Russian Reactions to Bombardment

Thursday, July 21st, 2011

Russian reactions to bombardment puzzled von Mellenthin (Panzer Battles):

Experience shows that the Russian soldier has an almost incredible ability to stand up to the heaviest artillery fire and air-bombardment, while the Russian Command remains unmoved by the bloodiest losses caused by shelling and bombs, and ruthlessly adheres to it preconceived plans. Russian lack of reaction to even the heaviest shelling was proved though not explained during Operation Citadel. The question is worth considering, and the following factors may influence their attitude.

The stoicism of the majority of Russian soldiers and their mental sluggishness make them quite insensible to losses. The Russian soldier values his own life no more than those of his comrades. To step on walls of dead, composed of the bodies of his former friends and companions, makes not the slightest impression on him and does not upset his equanimity at all; without so much as twinkling an eyelid he stolidly continues the attack or stays put in the position he has been told to defend. Life is not precious to him. He is immune to the most incredible hardships, and does not even appear to notice them; he seem equally indifferent to bombs and shells.

Naturally there are Russian soldiers of a more tender physical and psychological structure, but they have been trained to execute orders to the letter and without hesitation. There is an iron discipline in the Russian army; punishment meted out by officers and political commissars is of a draconian character and unquestioned obedience to orders has become a feature of their military system.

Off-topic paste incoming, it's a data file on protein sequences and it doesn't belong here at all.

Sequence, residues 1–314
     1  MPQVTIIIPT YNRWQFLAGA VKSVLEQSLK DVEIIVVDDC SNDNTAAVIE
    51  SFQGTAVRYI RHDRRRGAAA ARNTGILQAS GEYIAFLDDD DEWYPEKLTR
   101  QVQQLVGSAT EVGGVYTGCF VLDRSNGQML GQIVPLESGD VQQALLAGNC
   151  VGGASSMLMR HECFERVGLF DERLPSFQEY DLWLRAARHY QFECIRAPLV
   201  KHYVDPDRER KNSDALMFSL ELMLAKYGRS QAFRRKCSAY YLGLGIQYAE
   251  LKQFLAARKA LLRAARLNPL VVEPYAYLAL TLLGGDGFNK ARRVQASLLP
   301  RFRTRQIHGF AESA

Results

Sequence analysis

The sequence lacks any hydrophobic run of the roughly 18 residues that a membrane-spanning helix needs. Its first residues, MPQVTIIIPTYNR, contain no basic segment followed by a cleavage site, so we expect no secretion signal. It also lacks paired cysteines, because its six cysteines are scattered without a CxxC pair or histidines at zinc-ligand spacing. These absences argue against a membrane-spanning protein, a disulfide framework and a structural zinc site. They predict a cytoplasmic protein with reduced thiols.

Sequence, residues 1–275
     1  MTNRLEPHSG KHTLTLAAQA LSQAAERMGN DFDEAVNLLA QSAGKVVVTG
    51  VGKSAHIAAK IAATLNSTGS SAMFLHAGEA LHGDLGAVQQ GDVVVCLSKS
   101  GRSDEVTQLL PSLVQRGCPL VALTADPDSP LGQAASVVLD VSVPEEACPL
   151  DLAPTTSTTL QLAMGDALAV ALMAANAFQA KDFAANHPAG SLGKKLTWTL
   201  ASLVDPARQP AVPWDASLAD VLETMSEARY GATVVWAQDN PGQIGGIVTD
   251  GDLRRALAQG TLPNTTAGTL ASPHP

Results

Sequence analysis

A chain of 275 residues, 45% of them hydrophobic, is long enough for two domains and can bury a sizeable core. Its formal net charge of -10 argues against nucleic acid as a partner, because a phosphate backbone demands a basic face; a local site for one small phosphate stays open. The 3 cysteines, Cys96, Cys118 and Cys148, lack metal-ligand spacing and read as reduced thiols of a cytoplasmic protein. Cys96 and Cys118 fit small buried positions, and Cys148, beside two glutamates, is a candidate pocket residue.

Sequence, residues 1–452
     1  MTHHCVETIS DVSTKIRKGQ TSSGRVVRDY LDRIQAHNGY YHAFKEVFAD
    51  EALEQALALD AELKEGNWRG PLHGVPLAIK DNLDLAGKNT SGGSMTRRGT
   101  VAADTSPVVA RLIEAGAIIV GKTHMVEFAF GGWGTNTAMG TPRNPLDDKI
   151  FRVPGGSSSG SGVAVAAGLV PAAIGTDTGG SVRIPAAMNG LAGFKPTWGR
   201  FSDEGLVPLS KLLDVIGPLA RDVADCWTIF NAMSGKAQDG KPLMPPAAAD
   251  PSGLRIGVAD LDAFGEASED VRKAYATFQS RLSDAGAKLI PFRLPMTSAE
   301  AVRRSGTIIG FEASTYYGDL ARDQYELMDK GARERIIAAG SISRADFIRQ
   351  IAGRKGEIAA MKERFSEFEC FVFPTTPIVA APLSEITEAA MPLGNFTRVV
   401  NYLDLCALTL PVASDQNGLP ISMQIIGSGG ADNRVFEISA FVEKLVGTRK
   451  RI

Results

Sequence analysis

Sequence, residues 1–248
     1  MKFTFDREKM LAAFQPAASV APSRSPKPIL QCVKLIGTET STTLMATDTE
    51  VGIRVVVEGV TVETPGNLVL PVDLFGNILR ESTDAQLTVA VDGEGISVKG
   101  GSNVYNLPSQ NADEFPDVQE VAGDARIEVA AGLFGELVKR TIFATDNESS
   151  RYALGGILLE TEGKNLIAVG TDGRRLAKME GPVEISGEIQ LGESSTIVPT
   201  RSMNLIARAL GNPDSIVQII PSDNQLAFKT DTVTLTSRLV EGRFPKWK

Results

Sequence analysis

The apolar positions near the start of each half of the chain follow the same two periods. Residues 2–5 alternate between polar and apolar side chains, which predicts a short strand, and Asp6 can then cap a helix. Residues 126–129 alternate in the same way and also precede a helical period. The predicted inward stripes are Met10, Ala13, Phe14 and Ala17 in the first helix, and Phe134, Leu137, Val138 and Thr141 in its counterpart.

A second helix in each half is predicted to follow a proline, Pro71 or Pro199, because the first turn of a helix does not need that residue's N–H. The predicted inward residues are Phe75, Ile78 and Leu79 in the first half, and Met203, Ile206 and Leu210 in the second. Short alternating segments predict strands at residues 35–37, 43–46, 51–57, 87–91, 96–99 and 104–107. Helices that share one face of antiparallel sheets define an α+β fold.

Russian indifference to bombardment is not new; it was apparent during World War I and Caulaincourt comments on it in his description of the Battle of Borodino in 1812. He describes how the Russians “stood firm under the fire of a devastating bombardment,” and says that, “the enemy, smashed by the guns, and pressed simultaneously on all points, massed their troops and held firm despite the ravages made in their ranks by the guns.” He quotes Napoleon as saying that, “it was quite inexplicable to him that redoubts and positions so audaciously captured and so doggedly defended should yield us so few prisoners,” and he gives the Emperor’s comment, “these Russians let themselves be killed like automatons; they are not taken alive. This does not help us at all.”

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